In combining Google’s news of the week, the whole story is much bigger than the sum of its parts. Google Gears + GreenBorder (+ existing Google apps) ~= Web Apps Replacing Desktop Apps.
That’s a big story. Enough to make Microsoft and Adobe squirm (more on them in future blogs). But this story still has a big problem: problem #4: HTML sucks for making rich and compelling interfaces. The browser, composed of HTML + CSS + Canvas + Plugins + Ecmascript + KitchenSinks, does not make pretty interfaces, at least not without a ton of hacks, memory, and money thrown at it for every application. The browser and its markup are just the wrong tools for making rich applications. Furthermore, the browser is not a thin client as it’s so often billed to be--it’s a fat, clinically obese, needs-a-crane-to-leave-the-bed client.
Close, Google, but no cigar yet
With these recent steps, Google is getting close to The Last Computer, but in some very inelegant ways. At least they show that they understand what The Last Computer is all about. And in their Googly way (with the nearly limitless resources of money and smart people to throw at the problem, even if they are hobbled by inelegant choices of basic components) they’ll probably make it work sufficiently well to become an integral part of most Last Computer systems.
Addendum June 10, 2007:
Wednesday, May 30, 2007
When I talk about The Last Computer people often counter with the idea that, with the advancements in Web 2.0 Ajax-y applications, there will soon be no need for a personal computer at all because all applications can be online.
For a decade or more many have claimed that the browser will become the ubiquitous front end to all applications, making the OS and even the computer a mere commodity. Following this claim is usually the prediction that these changes are on the verge of putting Microsoft out of business. (If I had a nickel for every million dollars that has been invested into putting Microsoft out of business through a browser thin client, I'd be a very wealthy man.) In the past the claim has always proven to be incorrect. The browser-based apps were just never good enough to replace desktop applications.
Are Web 2.0 browser-based apps now good enough to replace desktop applications? As a test, for the past couple of months I've switched away from my old Outlook program to GMail for all of my personal correspondence (Google's GMail is an example of one of the top-notch browser-based applications using Ajax and CSS and other magic). It was painful at first, of course, as any program switch is, but overall I've been very impressed. GMail is remarkably quick, interractive, useful, considering that all of the code logic is in the browser I already have and is updated as-needed onto any computer I log on to. From a user-interface perspective, GMail is probably as good as any standalone email desktop email reader of 10 years ago.
Yes, Web 2.0 apps are much richer than they were during the last dozen years when web apps were predicted to replace desktop apps. Much better than when we used to have to push each update from a slow server, and didn't have CSS to make things pretty, and had way too many browsers to support, and had to do the equivalent of today's XMLHttpRequest via communicating with separate 1-pixel-tall frames (if the browser supported frames and ecmascript, which many didn't). But they remain only about as good as the equivalent standalone app of 10 years ago.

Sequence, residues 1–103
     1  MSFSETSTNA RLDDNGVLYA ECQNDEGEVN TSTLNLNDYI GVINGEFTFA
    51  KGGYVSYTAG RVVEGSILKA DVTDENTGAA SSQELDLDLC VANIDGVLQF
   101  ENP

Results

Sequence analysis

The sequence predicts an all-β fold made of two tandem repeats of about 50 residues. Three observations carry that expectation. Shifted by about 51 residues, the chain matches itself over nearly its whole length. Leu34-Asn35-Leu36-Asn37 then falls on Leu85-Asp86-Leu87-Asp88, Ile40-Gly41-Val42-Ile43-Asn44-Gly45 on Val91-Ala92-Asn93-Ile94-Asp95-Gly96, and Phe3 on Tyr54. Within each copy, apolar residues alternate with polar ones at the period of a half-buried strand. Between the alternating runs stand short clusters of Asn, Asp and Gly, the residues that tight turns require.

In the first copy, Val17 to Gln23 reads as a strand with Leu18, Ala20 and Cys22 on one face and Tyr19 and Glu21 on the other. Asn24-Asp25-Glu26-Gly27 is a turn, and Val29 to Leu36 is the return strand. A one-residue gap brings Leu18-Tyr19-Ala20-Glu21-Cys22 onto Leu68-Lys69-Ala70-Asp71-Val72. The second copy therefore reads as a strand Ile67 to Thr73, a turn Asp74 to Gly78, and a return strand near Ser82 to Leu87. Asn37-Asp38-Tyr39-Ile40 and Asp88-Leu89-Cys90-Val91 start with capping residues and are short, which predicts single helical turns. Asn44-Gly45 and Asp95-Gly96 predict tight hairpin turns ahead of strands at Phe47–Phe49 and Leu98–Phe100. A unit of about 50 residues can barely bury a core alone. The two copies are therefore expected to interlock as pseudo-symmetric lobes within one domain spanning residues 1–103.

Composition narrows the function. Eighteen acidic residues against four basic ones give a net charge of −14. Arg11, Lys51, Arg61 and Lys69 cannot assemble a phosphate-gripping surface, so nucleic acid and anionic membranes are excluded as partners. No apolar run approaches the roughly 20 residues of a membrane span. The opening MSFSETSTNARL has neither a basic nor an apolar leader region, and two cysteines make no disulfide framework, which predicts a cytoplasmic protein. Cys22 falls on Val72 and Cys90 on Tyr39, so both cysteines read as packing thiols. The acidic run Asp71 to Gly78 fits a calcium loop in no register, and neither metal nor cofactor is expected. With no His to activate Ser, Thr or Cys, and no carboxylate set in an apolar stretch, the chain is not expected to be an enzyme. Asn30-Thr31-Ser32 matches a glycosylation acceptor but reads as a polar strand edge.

Here's the thing: If you were to compare GMail side-by-side with Outlook on the same computer, and didn't know GMail was web-based but instead thought it was a standalone application, you'd think "what a crappy email program, slow, ugly, hard-to-use, and featureless--this looks like a 1.0 product of 10 years ago". But when you find out GMail is browser based, you say "wow, all this in a browser? Cool!"
Bad as it is, is GMail good enough to replace Outlook? Yes. For most situations and users it is, simply for these reasons:
- It's free.
- No installation or upgrade required.
- It's available from any internect-connected browser anywhere.
- No backup worries
- Did I mention that it's free.
But gmail, and web-based apps, are not great, and will never be as great as desktop applications for these reasons:
- Connection Required: They don't work when offline
- Slow: Slow with a good connection, and very slow with a bad connection
- Sandboxxed: Interaction with my real computer, or any programs not part of the google environment, is inconvenient (attaching files, sharing clipboard, etc...)
- HTML==PoorInterface: html+css+canvas + browser differences imposes severe limitation on how good anything can look and how difficult it is to create a rich interface
Reasonable fixes are coming to all of these problems (except probably the html+css problems). These issues will get better. But standalone desktop apps will also get better.Summary: Web-based apps are good-enough to replace desktop apps in many situations. And we can expect them to improve (although always lagging many years behind desktop apps). But web aps are only part of the solution. For real power applications and users, and processor-intensive applications like games, browser+html+css+ecmascript+canvas+other-standards-layers is not going to cut it.
Browser-based thin-client apps will be a big part of, but not all of, The Last Computer.